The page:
Even though there is interest in non finito creations, many artists are frustrated with the incompleteness of their work. Michelangelo is rumored to have ruined a number of his unfinished paintings because he feared they did not accurately capture the magnificence of his subjects. Although many artists share a similar tendency towards perfectionism, the external (and internalised) industry pressures of the Completed Project play a role in the feelings of shame and incompleteness that we face. In Michelangelo’s case, this pressure pushed him to destroy his paintings.
The cult of completeness is not exclusive to the visual arts. Speaking as an ex-journal editor, there was a similar unspoken expectation that each journal issue (and each contribution within that issue) would be well-rounded and plump, with all coverable perspectives covered. Let’s think about it: what could we expect from a magazine that has chosen ‘Love’ to be its theme of the month? Well naturally, articles about meeting one’s soulmate, unconventional relationships, passion, loss, the painful breakup, maybe a venture into parental love or platonic love. But it would all be there. It has to all be there. And if not, the missing angle is usually acknowledged in the editorial.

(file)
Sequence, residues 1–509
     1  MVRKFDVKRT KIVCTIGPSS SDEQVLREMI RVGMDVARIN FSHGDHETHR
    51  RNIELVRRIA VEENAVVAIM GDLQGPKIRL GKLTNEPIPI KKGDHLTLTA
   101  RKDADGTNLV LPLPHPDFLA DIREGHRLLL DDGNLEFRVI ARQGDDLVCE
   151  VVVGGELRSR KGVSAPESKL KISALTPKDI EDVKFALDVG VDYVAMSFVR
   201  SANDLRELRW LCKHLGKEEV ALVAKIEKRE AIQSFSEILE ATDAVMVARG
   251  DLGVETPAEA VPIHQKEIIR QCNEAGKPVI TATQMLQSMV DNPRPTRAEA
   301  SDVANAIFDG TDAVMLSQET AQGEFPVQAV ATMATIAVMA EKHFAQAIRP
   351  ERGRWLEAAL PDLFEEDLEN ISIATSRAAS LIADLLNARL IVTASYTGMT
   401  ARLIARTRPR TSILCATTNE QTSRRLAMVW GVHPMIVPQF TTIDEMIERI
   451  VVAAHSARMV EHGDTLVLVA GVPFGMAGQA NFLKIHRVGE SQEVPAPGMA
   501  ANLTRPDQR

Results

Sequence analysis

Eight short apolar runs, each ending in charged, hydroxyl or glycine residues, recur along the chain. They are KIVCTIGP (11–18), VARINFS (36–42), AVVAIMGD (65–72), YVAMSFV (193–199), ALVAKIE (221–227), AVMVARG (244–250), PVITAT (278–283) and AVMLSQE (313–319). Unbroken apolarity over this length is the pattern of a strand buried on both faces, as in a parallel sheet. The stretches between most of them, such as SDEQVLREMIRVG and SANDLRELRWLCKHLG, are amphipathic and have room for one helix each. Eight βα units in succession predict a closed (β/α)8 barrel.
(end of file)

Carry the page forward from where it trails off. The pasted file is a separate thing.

But what if all the contributors to the ‘Love’ issue were miserable and heartbroken? What if the whole magazine ended up being seventy-five pages of post-breakup anger, messy processing, and sadness? An incomplete issue? Perhaps. But it would also be honest and true to both the creators and the consumers.